The history of the area predated the Romans. Mysterious Etruscans ruled the area from the 8th to 5th century B.C.
This Etruscan roots pin was one of many our Disney guides presented to each member of our traveling famiglia.
At just the right time our Disney guides treated us to gelato.  They were always there, just like your mother, handing out wipes, water, and first aid. 
 Once we were refreshed from our gelato, we were ready to climb the Torro Del Moro. Forty seven meters high, it was not the worse climb I ever did.





At the top, the panoramic view was well worth it. The palazzo below, the town, and surrounding countryside were clearly visible.
I could have stayed for hours just looking out at the view, but our visit to Orvieto was only a short break on our way to our Tuscan B&B. 
Didn't realize I had so much to say about Orvieto. Anyway, Tuscany deserves it's own blog. Hope you'll be back for more

Ciao Bellas,
Zelda




Thursday, July 24, 2014

The Colosseum, the Sistine Chapel, and a Sprinkle of Disney Pixie Dust





Traveling on a group tour is not our usual way to travel. However, when we decided to visit Italy this summer, Adventures by Disney seemed like the best way to go for our extended family. Italy is very crowded during the summer months and we were able to avoid the long lines to see the best sites.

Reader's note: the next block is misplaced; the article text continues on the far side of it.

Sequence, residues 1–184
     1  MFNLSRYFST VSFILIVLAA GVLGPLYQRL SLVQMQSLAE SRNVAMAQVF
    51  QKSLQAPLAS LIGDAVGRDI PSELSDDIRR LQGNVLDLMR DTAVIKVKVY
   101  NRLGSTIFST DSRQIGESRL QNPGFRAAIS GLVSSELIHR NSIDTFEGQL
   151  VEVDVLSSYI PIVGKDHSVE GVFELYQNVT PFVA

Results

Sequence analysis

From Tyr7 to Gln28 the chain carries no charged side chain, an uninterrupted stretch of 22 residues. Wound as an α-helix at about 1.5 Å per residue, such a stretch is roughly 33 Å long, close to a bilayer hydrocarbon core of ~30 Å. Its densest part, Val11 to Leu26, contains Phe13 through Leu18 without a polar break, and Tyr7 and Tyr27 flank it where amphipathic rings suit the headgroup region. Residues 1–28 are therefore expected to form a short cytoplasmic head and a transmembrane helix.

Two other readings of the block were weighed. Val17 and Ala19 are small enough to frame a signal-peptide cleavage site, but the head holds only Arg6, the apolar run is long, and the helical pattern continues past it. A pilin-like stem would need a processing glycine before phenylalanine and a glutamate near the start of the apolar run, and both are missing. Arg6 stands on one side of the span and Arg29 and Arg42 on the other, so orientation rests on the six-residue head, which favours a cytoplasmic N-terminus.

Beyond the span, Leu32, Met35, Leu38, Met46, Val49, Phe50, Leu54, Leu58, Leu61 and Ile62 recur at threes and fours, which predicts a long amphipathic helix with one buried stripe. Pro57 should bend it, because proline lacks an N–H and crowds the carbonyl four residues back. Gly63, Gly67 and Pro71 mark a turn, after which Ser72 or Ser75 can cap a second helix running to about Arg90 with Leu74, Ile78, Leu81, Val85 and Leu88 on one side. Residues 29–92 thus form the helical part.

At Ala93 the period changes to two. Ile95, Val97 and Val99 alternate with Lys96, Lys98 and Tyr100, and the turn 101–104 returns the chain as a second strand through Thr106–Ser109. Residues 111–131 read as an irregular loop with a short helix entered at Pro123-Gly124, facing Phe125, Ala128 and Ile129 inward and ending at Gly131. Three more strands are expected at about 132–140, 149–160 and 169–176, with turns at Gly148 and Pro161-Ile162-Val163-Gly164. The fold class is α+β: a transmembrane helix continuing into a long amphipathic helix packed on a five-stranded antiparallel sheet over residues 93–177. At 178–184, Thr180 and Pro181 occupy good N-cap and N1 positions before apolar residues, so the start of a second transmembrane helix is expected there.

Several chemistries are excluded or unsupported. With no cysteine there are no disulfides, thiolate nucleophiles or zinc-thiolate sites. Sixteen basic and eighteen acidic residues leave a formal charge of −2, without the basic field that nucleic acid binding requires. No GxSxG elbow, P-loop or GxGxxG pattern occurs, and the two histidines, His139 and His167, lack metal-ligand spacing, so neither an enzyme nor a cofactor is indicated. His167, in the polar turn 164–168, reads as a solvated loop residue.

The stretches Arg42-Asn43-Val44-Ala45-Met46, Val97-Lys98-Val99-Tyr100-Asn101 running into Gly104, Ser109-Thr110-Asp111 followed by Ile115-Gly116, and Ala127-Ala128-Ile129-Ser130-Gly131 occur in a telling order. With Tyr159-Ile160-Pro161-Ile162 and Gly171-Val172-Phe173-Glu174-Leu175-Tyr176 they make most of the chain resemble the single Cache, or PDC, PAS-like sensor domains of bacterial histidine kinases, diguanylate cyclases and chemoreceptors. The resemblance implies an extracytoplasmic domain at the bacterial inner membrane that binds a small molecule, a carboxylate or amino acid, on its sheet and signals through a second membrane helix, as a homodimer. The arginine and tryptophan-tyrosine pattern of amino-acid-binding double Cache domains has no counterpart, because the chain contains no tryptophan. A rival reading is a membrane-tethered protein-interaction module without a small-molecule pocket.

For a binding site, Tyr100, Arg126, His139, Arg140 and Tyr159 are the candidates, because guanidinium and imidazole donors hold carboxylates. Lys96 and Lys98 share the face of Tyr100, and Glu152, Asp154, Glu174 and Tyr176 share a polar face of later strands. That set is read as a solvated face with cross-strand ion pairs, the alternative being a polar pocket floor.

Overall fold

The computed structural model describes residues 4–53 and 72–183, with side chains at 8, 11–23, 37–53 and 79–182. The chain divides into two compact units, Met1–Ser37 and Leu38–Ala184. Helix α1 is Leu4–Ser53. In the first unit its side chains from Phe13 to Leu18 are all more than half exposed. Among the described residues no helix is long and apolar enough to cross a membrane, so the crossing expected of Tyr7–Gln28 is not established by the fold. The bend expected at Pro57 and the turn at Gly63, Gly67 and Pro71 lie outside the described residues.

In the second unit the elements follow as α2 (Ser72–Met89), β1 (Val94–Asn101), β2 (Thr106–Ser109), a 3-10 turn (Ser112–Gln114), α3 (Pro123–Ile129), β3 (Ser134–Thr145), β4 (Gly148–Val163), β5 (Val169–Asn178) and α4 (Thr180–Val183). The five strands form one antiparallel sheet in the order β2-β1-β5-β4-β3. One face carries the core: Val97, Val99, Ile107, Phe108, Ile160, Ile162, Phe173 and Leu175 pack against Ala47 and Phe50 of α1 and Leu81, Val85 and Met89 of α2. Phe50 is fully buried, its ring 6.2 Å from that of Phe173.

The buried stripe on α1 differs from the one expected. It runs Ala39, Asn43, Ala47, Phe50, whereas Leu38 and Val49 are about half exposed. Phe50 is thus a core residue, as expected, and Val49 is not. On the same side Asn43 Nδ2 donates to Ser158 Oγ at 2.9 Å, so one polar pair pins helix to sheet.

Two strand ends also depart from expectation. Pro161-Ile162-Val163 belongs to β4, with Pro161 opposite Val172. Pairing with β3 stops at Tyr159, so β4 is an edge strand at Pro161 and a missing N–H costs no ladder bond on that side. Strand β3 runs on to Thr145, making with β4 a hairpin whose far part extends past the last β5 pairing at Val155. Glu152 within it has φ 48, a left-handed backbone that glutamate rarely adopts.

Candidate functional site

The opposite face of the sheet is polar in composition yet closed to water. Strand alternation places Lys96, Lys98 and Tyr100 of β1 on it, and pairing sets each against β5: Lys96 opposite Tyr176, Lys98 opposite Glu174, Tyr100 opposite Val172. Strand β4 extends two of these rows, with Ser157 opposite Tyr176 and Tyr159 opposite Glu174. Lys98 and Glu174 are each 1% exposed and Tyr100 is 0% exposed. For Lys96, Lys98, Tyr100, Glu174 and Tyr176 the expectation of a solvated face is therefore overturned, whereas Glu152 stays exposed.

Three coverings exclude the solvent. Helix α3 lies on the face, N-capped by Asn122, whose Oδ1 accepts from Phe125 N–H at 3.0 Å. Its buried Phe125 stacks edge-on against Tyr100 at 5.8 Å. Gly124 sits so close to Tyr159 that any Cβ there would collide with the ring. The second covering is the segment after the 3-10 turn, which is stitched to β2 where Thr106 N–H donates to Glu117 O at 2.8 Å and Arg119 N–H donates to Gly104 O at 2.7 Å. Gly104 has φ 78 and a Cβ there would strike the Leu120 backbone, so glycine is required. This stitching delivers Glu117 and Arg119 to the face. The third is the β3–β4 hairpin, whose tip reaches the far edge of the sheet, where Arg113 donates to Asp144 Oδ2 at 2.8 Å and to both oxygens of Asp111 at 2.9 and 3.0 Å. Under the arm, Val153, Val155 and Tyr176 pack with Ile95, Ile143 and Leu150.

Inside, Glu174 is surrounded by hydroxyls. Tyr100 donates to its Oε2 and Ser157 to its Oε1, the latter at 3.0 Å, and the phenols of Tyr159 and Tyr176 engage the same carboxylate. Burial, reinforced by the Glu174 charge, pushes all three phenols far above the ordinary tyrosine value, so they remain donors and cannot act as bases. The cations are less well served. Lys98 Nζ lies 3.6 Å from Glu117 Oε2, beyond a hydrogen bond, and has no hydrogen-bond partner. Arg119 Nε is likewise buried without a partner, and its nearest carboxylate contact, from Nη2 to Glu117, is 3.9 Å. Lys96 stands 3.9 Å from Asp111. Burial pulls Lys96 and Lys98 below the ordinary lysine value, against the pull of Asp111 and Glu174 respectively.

In Rome we joined a group made up of other families who share a love for traveling. From the very first moment at our first dinner our adventure began.

Hidden treasures

On our own we would have definitely passed by Chiesa di Ignazio Sant'lagnazio di Loyola, a church with a painted dome built atop layers of history. It's a short walk from the Pantheon on your way to the Trevi Fountain. The Trevi Fountain was under renovation when we were there. There was a small pool of water to toss your coins into and make a wish. It was a short visit and very crowded, but compensated with by a gelato stop. Stracciatella with chocolate shavings folded in has become my favorite. You knew I would mention chocolate some how. Just a tease - more Italian food to come in my next blog.


 


Arches of triumph


     
       

Colosseum